"Community" collage — geeks and freaks, winners and losers, love and lust amid the bored scores and turned-down doofuses who make up the unstudly study group of "Community," NBC's new twist on education whose mascot may be …
Barack as booster?
Talk about "Community" organizers: "Jobs requiring at least an associate degree are projected to grow twice as fast as jobs requiring no college experience," the president said in announcing the American Graduation Initiative, a decade-long, multibillion dollar project for community colleges.
"We will not fill those jobs, or keep those jobs on our shores, without the training offered by community college."
Does the man have a Nielsen box at the Oval Office?
Dan Harmon found some peace and harmony — and maybe a ca-ching or two — in the chief executive's words of wisdom. After all, he's producer of "Community," and if the White House likes community colleges, maybe all American houses will like his "Community" college, too.
Who better than the president to dispel a myth that all two-year colleges subscribe to the same theme song from "Dumb and Dumber."
Oooh, that smarts. But it takes a smart-ass — and wise-enough man — to know that a two-year college education can turn into a long-running TV series.
Too good to be true? Get your grades — and confidence — up, Dan Harmon. "I'm from Wisconsin," says the Jewish cheesehead, "so whenever things are going this well, I can start anticipating the other shoe dropping."
But unlike other network shows, this one doesn't resemble droppings; there's some wit to be found in the "Community" "kids," which includes a lawyer who has to return to school once it's discovered that his degree is from Columbia.
The country, not the Ivy League.
Twenty-thousand leagues from the "C" — or an "A," if this low-rent lawyer can cheat his way to the top.
Raising the bar for must-study TV?
Harmon's already done that on cable, as co-creator of "The Sarah Silverman Show," where Comedy Central has reaped ratings rewards and acclaim.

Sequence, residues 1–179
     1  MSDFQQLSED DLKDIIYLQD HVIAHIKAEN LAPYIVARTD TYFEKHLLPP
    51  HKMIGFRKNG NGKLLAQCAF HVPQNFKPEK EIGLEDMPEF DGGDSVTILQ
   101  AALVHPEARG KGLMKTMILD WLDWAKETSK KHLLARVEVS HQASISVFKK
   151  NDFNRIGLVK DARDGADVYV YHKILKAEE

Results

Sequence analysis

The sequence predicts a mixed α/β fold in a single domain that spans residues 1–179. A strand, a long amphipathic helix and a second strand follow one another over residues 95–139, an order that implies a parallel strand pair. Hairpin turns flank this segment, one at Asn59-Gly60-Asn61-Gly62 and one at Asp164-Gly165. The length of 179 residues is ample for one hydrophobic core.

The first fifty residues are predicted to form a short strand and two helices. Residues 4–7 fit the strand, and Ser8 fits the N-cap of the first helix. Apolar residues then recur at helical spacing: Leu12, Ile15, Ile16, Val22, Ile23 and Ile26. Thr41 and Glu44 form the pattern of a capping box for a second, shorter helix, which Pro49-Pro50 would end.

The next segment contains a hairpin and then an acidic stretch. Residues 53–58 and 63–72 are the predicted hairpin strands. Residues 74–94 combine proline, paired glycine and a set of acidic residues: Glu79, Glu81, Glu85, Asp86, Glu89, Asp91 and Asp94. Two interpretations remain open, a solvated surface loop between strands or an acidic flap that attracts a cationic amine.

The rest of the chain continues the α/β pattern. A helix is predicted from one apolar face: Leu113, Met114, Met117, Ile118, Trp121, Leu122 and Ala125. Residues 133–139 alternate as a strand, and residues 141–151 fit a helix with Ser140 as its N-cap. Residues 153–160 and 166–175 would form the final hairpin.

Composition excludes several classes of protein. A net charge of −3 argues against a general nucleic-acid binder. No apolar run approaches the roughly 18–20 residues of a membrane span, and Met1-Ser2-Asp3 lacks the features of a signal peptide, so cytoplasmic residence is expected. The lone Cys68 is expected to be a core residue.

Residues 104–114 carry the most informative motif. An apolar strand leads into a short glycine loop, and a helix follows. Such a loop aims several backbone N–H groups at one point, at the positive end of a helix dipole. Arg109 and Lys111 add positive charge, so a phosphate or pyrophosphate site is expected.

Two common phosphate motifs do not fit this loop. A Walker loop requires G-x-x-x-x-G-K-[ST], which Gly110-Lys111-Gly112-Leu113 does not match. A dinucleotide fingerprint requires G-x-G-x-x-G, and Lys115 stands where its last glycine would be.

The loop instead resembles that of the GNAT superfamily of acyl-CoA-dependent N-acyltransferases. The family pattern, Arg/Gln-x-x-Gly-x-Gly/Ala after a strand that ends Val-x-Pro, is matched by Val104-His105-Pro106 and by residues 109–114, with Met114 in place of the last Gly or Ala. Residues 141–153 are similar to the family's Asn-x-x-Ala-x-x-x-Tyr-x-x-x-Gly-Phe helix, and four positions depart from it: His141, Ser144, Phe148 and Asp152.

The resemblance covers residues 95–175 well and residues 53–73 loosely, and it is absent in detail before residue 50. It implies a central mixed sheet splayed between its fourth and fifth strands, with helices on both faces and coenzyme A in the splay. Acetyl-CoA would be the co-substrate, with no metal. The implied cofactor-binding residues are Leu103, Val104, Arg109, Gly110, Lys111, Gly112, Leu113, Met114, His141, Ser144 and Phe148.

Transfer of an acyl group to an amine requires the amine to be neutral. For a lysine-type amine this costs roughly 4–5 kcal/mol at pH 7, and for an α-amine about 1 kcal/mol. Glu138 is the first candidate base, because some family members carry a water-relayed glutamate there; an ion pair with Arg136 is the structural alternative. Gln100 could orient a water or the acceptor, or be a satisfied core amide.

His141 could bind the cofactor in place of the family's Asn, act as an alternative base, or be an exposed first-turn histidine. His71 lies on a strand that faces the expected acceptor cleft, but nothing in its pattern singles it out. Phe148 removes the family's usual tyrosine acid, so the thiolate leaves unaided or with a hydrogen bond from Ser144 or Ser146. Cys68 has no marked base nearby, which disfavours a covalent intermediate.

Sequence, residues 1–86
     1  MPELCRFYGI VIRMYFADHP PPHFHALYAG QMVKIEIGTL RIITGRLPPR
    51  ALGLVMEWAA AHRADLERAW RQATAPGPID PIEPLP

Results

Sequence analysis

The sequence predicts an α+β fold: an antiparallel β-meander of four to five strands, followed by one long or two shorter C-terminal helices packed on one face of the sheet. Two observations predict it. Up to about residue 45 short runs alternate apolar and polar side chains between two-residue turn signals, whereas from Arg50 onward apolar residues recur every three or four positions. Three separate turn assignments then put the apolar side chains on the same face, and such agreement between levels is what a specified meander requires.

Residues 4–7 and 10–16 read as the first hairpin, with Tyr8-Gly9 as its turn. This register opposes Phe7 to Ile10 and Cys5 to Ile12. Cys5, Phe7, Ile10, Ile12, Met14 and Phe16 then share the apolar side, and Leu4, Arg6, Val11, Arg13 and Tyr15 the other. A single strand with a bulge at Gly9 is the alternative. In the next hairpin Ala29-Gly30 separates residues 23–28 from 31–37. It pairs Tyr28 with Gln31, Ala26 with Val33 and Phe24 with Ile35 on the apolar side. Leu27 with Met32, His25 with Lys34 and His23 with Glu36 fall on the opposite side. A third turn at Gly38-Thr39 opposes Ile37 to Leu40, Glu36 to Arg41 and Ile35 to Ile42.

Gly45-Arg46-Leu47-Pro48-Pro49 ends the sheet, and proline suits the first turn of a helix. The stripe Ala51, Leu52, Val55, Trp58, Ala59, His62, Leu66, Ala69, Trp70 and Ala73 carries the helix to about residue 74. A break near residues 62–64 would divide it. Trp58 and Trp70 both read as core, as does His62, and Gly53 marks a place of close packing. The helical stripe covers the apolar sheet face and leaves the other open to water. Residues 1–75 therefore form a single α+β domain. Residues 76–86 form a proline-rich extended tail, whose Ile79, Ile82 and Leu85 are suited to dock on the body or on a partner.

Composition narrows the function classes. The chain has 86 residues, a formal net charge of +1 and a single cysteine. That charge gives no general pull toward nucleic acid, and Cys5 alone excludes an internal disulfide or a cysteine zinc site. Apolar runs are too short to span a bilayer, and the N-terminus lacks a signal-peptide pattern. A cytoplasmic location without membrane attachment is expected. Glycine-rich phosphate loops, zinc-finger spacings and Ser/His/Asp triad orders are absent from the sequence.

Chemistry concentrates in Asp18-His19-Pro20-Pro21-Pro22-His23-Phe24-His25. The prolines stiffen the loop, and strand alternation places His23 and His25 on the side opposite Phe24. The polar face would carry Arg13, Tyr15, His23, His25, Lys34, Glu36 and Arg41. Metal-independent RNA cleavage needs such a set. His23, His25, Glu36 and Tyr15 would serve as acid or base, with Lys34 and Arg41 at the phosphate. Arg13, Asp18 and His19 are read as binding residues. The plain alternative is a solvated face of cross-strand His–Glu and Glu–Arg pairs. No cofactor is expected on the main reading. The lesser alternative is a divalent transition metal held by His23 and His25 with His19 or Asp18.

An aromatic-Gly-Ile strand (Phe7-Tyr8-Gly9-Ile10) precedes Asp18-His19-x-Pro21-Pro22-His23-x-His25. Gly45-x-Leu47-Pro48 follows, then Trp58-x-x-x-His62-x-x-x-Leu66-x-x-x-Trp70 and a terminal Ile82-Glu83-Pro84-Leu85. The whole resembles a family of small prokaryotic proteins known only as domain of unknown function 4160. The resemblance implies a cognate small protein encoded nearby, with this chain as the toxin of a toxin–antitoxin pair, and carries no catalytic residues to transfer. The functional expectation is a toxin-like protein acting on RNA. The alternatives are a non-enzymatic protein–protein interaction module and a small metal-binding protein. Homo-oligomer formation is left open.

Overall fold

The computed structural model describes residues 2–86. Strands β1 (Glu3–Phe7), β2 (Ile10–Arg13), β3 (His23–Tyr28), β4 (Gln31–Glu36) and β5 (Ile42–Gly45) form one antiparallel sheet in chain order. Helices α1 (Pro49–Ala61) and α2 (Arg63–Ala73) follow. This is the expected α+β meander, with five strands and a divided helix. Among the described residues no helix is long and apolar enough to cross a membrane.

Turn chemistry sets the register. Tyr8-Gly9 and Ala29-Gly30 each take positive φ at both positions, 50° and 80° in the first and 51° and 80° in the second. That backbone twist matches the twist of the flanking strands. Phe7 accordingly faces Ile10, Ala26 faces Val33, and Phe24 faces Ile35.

But comedy has always been central to Harmon's efforts, harking back to his early efforts where his "pursuit of minimal work for maximum reward" had him segueing from stand-up to improv to skits and, ultimately, to screenplays.
Still, he and writing partner Rob Schrab — another Milwaukee brewer of back-slapping laughs — were always out looking. But it was their outre work that got them attention.
Both collaborated on the subversive Channel 101, described as "an untelevised nonprofit audience-controlled network for undiscovered filmmakers," in which they channeled their talents.
"101" as a primer for unplugged TV? It's enough to give Harmon heartburn, which he mentions in his bio. Is it all worth repeating?
"I'm just keeping it down with Prilosec," he says.
Anyone wanting to get at the heart of what makes Harmon tick has only to check his blog, where his friends and neighbors have a role that Mr. Rogers never suspected goes on in his neighborhood.
And there is that obsession, it seems, with actor Saul Rubinek, the star of "Warehouse 13" who seems to pop up in almost every blog beat.
"Yes," says the producer, "I am a little obsessed with Saul Rubinek. I've sort of had my eye on him ever since [he was in] 'The Pelican Brief.' "
Could he make a guest-starring stint on "Community"? "I would love to see Saul Rubinek being a college community professor. I find him fascinating."
Fascinating — as much as Harmon's own experience inspired his NBC effort: "I went in my early 30s," he says of community college. "I was in a study group with a bunch of strangers to whom I actually took a natural affinity, in spite of my desire to keep them at arm's length."
And in the show Chevy Chase portrays an older student returning to school.
"Chevy actually makes up quite a bit of things; [he] tends to come up with lines that you can actually end scenes with sometimes." (The lines form Thursday nights, where "Community" has already connected with audiences.)
How will Harmon ultimately know he has made the grade to graduate to a second season? Well, he wouldn't mind adding the "Freshman 15" — if that meant that 15 million viewers to help him throw his weight around.
Golden boy seeking gold star?
"I wanted to do a show," he explains, "that my mom would kind of be into."